When Danish families sit down to their Christmas dinner, many preparations have taken place. Presents have been bought and wrapped, Christmas cards sent, the Christmas tree cut down and decorated, and food bought and prepared. Christmas is a great festival, and its traditions are what characterise the festive season. With a few tips and without cutting back too much on the traditions, you can celebrate Christmas with a green conscience.
Christian Poll of the Danish Society for Nature Conservation gives these tips for a sustainable Christmas.
Outdoor Christmas lights create a nice atmosphere, but they also use a lot of energy.
1. Roast pork
It is best to forego the roast pork if you can, since pig production is among the livestock industries that cause the most pollution and adverse impact on the climate. If you do want to serve roast pork, choose organic, because this ensures that the pig has been raised in an environment that aims to support its natural needs.
Duck production impacts the environment and climate less than beef and pork production, making duck a better choice from the environmental perspective. Choose organic duck. Roasting a duck is energy intensive because it typically needs two to three hours in the oven. If you put the duck in the oven a couple of days before Christmas evening and set the timer to start at 1 AM and switch off again at 3 AM, you will use electricity at a time when there is usually a surplus from wind energy production. Then all you need to do is give it a short time under the grill before serving. If you do not have an oven with a timer, you can prepare it in the late evening of the day before, preferably after 10 PM.
Fish is healthy, and if it has been obtained from sustainable stocks without using a trawl, it is a good environmental choice. Unfortunately, the MSC label is not enough to go by, so use the guide on www.hvadforenfisk.dk, (website in Danish only) where you can see that cod from the Barents Sea and the eastern part of the Baltic Sea is environmentally ok.
4. Fruit and vegetables
Vegetables are an integral part of the Christmas meal, and should naturally be organic. Save a bit on the exotic mandarins which are transported over long distances and so impact the climate, and instead choose fruit and vegetables that are cultivated locally. If you like nuts, it is also best to buy those that are produced close to Denmark and not imported from the other side of the earth.
5. Coffee and confectionery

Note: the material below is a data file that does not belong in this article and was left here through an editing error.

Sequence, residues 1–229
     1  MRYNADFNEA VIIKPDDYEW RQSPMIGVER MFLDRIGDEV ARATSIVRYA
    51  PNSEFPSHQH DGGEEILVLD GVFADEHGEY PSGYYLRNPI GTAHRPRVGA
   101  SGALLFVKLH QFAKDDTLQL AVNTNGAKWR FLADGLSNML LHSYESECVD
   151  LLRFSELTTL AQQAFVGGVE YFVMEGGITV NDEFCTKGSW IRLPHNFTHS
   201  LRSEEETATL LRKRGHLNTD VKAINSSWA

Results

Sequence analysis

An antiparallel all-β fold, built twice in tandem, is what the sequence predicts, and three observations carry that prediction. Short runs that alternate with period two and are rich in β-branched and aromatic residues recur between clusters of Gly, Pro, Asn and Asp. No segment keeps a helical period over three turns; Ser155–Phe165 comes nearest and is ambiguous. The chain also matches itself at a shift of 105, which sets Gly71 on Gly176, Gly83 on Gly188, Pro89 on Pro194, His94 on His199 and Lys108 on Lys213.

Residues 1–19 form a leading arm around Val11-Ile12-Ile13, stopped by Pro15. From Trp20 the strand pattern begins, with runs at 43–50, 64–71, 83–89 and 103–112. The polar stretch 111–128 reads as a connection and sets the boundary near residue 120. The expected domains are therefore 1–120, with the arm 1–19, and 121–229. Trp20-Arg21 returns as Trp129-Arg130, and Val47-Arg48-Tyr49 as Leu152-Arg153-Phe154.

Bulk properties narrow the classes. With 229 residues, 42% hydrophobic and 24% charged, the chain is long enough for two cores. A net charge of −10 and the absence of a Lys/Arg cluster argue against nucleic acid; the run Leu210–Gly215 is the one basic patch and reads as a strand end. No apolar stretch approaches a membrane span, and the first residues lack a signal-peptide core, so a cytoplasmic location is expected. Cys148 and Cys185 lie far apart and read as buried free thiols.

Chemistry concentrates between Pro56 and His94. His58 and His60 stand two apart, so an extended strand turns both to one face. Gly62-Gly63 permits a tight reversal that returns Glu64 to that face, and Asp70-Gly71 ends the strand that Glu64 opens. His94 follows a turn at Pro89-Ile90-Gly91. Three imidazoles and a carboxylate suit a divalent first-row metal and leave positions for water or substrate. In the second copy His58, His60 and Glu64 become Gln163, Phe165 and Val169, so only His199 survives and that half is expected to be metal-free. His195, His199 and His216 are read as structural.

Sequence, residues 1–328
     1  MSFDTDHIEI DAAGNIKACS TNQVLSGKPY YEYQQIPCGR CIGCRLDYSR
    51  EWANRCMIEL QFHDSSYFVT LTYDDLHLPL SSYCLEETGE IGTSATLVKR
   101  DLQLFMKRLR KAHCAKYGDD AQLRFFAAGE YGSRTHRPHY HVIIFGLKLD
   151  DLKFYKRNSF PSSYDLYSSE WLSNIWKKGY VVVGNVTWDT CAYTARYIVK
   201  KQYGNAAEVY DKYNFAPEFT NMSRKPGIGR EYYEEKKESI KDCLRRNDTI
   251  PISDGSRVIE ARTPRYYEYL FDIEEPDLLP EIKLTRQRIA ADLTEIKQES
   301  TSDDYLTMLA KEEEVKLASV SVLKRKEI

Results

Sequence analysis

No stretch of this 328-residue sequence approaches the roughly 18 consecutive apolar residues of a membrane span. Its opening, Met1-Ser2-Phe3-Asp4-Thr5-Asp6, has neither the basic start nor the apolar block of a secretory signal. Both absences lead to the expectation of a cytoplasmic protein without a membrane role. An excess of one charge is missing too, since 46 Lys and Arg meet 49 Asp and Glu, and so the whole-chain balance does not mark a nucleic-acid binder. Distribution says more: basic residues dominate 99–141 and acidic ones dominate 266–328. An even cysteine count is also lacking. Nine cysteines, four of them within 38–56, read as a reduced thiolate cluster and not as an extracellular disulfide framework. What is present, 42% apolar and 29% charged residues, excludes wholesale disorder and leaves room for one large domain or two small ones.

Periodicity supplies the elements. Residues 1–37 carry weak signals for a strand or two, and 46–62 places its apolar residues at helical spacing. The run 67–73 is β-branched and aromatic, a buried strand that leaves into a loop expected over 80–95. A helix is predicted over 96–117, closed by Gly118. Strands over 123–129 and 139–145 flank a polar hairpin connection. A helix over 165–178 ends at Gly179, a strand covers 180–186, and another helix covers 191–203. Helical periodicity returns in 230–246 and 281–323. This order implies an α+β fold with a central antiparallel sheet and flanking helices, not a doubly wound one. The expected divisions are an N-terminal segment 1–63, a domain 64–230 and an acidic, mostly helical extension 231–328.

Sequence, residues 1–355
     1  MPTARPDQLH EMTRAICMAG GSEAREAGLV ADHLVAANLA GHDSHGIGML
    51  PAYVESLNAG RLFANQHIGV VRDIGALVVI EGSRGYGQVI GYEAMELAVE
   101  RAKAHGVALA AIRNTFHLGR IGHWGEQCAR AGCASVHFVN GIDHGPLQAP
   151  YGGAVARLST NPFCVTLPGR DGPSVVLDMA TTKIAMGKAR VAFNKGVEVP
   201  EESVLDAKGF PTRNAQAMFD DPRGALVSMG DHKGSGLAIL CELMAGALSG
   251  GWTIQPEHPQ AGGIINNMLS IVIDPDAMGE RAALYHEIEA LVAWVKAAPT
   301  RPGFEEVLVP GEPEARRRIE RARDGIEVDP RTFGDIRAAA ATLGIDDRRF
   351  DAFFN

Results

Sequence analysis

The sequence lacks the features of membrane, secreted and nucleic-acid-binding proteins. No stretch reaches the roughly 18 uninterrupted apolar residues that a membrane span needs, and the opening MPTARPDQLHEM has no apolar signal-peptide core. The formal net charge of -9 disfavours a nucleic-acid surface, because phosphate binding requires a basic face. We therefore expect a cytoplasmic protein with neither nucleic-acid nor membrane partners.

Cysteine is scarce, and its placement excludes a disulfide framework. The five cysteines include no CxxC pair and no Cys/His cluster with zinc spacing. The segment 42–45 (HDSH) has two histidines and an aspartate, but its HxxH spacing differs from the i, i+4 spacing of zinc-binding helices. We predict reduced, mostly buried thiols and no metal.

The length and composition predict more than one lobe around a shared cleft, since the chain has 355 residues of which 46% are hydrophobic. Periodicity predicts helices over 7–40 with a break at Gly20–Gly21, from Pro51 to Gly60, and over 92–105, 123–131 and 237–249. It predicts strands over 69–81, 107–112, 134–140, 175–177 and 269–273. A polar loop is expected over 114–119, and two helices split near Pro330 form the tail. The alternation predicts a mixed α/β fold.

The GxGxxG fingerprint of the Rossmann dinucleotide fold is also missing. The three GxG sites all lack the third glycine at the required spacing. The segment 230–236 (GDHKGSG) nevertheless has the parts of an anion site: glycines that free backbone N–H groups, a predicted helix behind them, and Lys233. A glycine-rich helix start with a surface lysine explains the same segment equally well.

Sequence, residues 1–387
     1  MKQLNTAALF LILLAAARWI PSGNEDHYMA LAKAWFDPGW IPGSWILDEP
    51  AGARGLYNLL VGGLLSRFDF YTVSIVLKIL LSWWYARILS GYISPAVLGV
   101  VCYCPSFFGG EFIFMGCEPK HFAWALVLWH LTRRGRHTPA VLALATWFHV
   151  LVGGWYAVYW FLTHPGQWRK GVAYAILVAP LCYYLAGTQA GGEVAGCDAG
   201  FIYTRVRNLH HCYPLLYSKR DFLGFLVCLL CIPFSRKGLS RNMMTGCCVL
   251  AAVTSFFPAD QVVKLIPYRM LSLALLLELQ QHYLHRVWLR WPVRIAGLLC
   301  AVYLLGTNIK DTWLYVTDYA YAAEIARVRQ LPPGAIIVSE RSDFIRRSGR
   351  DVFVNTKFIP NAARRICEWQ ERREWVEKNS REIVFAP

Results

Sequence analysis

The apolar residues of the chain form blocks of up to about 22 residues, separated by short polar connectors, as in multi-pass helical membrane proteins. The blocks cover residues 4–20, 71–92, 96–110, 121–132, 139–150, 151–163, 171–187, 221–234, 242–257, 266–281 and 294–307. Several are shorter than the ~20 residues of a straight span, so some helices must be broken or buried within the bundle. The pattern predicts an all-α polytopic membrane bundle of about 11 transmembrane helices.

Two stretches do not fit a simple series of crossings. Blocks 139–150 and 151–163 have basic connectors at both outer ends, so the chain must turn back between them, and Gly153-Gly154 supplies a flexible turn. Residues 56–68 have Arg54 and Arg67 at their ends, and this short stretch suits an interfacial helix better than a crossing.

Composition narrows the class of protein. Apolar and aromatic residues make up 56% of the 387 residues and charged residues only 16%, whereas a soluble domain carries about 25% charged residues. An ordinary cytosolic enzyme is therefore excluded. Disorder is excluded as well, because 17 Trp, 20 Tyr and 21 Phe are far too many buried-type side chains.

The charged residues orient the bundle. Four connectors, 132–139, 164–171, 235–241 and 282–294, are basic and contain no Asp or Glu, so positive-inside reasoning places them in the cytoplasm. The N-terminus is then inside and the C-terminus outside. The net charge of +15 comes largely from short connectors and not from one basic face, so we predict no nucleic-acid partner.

Aim for goods that are organic and fair-trade labelled. The same applies to ingredients for biscuits.
6. Christmas tree
Buy a Christmas tree that carries the Danish eco-label (red Ø symbol). Ask for it if you cannot find one. This will help make the point that there are customers who want a Christmas tree that has not been grown using pesticides which can pollute the groundwater. The best alternative to an eco-labelled tree is an "old-fashioned" Norway spruce, which is easier to grow with less use of pesticides and fertiliser than Nordmann fir.
If you are celebrating Christmas away from home, using public transport can cause difficulties if you expect to receive large presents. Perhaps it could be part of a sustainable Christmas to give each other smaller presents and find other ways to appreciate each other. If there is an agreement to do so, you can bring a spacious rucksack for presents with you on public transport. If you absolutely must use a car, share it with others – it will also make your journey more sociable.
It is popular to give experiences as presents and it is a good, idea since it helps to limit the consumption of the Earth's resources. Don't choose however to give airline tickets or a visit to a health resort with a spa, because they are very energy-consuming. You can also give second-hand presents – this is a very modern, excellent choice in terms of sustainability which entails less waste and less consumption of resources. There are many shops that sell second-hand goods. Alternatively, you can give away some of your own things, such as toys. If you think that may seem too stingy, such a present could be supplemented with theatre tickets, cinema tickets or a romantic stay at a hotel.
9. Outdoor Christmas lights
Outdoor Christmas lights create a nice atmosphere, but they also use a lot of energy. Here are two ways to keep the energy use down: use only LED lights, and use a timer so that the lights are only lit when it is dark.
10. Christmas cards
Sending Christmas cards is a tradition that many people maintain. But using conventional cards involves a lot of transportation and paper consumption which can be avoided if you send your greetings via e-mail. The worst thing to do is to buy Christmas cards with audio and light effects, because the electronics involved generate problematic waste which often ends up in the wrong place – in the household waste bin.